The film is directed by a full time visual artist and part time director, Jeff Fowler. It is written by Pat Casey and Josh Miller who I would say are insufficiently experienced. A combination of such an unversed crew, can be hazardous.
First of all, it is good to have Jim Carrey (as Dr. Ivo “Eggman” Robotnik) back in a wholesome role and in a large scaled film after 6 years. In between, he was a part of two small scaled films, in 2016, which didn’t receive as much appreciation critically or monetarily. Surprisingly, he wasn’t in his fullest form in Sonic The Hedgehog too. Yet, it seemed like he tried.
I also realized that it might have been a burden on the actors when your story isn’t uncommon or out of the box. But, it was a team effort when they [James Marsden (as Tom Wachowski), Tika Sumpter (as Maddie Wachowski), Natasha Rothwell (as Rachel) and Adam Pally (as Wade Whipple)] equally distributed the responsibility among all and performed high-spiritedly.
The winner of the film is undeniably Ben Schwartz who voiced the animated character of Sonic. His voice gave the perfect liveliness to the character, which is how it originally is. Energetic. Furthermore, there was a bit of comedic dialogue given to Marsden and most of it to Schwartz & Carrey, which I feel should’ve been more on the whole. The score by Tom Holkenborg is quite alright, too.
I don’t understand why are the lead cast and producers insisting on promoting the film so much. It had been a hit film series! Well, it could be because the director has changed. And a director duo, Adil El Arbi & Bilall Fallah, from Belgium had been hired.
Initially to release in February 2017, this film took a lot of postponement. When Michael Bay (the director of the first two parts) was dropped out of consideration to make this third installment, Joe Carnahan was in conversations to make it. However, he just ended up being one of the writers alongside, Peter Craig and Chris Bremner.
The plot, not being a fresh new concept and the monotonous “blast from the past”, is covered up by some great cinematography Robrecht Heyvaert, superlative dialogue and marvelous performances by the cast. Honestly, I didn’t find Bad Boys (1995) to be so fascinating. There was too much dialogue (especially given to Martin Lawrence) which made it really frustrating at on many occasions. But here, it was equally balanced. The perfect amount of comedy and action blended together.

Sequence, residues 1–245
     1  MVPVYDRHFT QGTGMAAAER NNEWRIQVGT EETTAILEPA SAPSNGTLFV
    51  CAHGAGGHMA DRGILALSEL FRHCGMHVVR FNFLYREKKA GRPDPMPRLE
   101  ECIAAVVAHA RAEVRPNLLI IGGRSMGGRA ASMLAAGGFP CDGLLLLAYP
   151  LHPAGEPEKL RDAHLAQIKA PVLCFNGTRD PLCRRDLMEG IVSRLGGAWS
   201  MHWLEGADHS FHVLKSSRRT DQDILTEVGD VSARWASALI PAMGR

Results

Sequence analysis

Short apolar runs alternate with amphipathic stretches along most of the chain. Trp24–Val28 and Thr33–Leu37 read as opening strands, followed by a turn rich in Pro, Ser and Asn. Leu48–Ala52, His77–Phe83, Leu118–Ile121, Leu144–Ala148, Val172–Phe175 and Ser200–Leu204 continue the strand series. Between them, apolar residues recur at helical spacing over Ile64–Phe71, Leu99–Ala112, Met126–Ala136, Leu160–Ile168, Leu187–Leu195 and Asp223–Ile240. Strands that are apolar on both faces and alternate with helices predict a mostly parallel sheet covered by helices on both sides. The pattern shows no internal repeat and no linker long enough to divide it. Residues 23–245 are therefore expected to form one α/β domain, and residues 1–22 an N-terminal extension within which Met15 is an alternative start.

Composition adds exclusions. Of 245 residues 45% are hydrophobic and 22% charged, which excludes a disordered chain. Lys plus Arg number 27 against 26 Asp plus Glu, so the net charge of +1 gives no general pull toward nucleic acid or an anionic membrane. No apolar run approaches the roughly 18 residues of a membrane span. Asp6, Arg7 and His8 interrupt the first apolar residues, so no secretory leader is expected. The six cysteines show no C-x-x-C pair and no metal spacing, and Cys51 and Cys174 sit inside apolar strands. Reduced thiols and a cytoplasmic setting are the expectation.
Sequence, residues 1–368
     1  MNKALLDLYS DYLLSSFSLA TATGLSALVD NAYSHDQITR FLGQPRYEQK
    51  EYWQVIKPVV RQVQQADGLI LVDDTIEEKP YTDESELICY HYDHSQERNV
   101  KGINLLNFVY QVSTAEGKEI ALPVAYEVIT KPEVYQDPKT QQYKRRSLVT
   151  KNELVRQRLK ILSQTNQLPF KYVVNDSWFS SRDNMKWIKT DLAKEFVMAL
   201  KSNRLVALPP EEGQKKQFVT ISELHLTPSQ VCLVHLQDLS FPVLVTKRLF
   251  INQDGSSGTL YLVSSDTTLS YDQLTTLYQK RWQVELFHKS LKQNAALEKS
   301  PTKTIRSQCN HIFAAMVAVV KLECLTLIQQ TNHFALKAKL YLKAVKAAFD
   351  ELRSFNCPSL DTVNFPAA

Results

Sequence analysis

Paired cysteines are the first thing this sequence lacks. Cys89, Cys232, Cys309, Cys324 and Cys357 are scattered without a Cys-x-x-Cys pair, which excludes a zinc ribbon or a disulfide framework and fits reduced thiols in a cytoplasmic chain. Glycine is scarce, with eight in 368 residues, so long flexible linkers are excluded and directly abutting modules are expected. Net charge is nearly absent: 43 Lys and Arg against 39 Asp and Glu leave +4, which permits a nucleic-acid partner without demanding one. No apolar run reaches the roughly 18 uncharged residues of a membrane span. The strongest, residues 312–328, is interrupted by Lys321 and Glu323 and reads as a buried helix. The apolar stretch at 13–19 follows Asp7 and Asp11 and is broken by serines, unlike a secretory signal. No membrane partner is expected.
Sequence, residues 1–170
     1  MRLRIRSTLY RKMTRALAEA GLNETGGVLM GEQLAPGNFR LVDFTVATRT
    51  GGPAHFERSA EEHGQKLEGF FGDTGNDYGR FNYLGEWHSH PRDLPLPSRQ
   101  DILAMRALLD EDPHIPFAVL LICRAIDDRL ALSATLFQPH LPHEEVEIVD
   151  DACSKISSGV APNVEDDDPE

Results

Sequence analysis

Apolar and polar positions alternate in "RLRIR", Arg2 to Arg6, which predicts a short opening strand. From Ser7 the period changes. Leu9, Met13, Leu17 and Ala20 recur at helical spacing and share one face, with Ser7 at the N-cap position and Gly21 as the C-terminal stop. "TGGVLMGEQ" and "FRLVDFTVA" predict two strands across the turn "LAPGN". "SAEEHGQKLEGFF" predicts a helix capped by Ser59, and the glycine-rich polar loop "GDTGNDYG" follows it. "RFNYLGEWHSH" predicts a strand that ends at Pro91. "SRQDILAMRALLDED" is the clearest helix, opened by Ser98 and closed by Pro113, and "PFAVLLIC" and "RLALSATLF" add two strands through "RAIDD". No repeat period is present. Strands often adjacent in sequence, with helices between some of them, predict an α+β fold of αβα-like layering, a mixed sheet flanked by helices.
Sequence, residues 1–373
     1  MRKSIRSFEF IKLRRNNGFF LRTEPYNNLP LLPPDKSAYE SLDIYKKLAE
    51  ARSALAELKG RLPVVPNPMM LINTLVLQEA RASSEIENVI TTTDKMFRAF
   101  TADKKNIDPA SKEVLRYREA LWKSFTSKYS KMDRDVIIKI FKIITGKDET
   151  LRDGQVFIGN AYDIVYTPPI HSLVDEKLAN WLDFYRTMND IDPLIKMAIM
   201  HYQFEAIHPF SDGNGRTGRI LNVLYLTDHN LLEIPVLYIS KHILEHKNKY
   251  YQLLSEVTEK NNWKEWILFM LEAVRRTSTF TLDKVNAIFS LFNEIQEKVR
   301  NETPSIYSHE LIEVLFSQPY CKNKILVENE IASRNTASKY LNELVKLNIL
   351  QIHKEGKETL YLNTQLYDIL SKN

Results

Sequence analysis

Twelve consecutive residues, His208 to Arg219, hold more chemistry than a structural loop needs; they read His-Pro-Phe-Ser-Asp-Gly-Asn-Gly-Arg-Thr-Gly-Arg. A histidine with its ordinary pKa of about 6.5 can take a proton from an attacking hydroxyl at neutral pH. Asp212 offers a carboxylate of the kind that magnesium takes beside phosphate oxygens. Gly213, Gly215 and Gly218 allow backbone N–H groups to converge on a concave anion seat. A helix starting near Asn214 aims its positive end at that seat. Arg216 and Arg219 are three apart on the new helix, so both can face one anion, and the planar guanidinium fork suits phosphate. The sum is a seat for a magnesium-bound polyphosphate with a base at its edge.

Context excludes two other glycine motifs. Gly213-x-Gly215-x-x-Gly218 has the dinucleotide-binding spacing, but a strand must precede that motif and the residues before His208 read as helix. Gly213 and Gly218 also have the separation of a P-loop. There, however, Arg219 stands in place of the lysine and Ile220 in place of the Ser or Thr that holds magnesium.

We are in that time and era where we, as audience, have been spoilt with such beautifully crafted action films where we hardly notice the background score because it is integrated so well with the film’s sequences. And the background score here was minutely kiddish. The background music starting before the scene itself, made it seem like Lorne Balfe is new to the business. Moreover, the supporting cast, Vanessa Hudgens (as Kelly), Charles Melton (as Rafe), Alexander Ludwig (as Dorn) and Paola Núñez (as Rita) were much needed to add a new-aged zest.
I am thrilled for Will Smith as he finally hits the bulls eye after two really below average films during the winter, last year. He is one of my favorite actors in Hollywood and he proved this, yet again. Martin Lawrence, unfortunately, seemed really restrained, making me realize that it’s really been 17 years since the last Bad Boys film released. But his monologues were really funny, as usual. It was really fun to watch a few of the actors from the original Bad Boys (1995). Theresa Randle (as Theresa Burnett) and Joe Pantoliano (as Conrad Howard) being a couple of them, were delightful.